Warnes: Well, I think if you're getting nothing at the bank, and again, you've got to have something in the bank, because I'm saying, hang on a second, I don't care if I'm getting nothing on it. I've got the option to buy something that I really do think can turn, it can make me some – give me a return that I think is acceptable for the risk I'm taking. I'm not taking any risk with money in the bank, and I'm getting no reward. No risk, no reward, that's fair. Understand that's what you are getting. But you can't price optionality. You are getting optionality, which is an intangible. You can't spend it, but you ultimately can. If you haven't got it, you can't spend it.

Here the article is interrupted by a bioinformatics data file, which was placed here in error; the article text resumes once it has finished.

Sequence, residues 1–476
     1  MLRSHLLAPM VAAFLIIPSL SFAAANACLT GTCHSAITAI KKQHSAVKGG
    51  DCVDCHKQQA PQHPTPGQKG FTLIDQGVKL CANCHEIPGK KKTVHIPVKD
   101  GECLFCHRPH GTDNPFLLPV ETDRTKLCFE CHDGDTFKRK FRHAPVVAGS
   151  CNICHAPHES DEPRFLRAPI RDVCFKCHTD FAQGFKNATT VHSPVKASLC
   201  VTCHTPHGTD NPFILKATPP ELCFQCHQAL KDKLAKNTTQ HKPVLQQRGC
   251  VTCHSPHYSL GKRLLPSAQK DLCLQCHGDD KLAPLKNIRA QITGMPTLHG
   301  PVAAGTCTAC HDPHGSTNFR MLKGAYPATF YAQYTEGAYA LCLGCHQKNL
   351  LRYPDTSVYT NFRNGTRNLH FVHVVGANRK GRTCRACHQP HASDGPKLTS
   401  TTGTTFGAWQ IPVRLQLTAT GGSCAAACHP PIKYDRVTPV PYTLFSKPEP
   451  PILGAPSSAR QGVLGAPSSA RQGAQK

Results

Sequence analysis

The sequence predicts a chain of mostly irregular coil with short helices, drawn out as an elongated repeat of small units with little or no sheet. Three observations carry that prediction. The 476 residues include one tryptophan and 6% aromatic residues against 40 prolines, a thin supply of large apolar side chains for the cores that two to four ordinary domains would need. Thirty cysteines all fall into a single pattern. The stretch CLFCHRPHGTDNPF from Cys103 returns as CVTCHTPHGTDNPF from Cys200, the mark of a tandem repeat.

So, I think that what you want to look at is if I can get 4 per cent on an investment that is sustainable and if it's sustainable, then the market will probably pay for that sustainability. So, let's add another couple of percent because I think, annual returns now are going to be – anything more than 6 per cent you should be jumping up and jumping for joy, because don't forget you're being pushed out the risk curve. And you don't want to be there. If you haven't got any time – if something happens, the branch snaps, you haven't got time to regroup your capital. Whereas a bloke at 30 has, but bloke at 70 hasn't, hasn't got the time to regroup.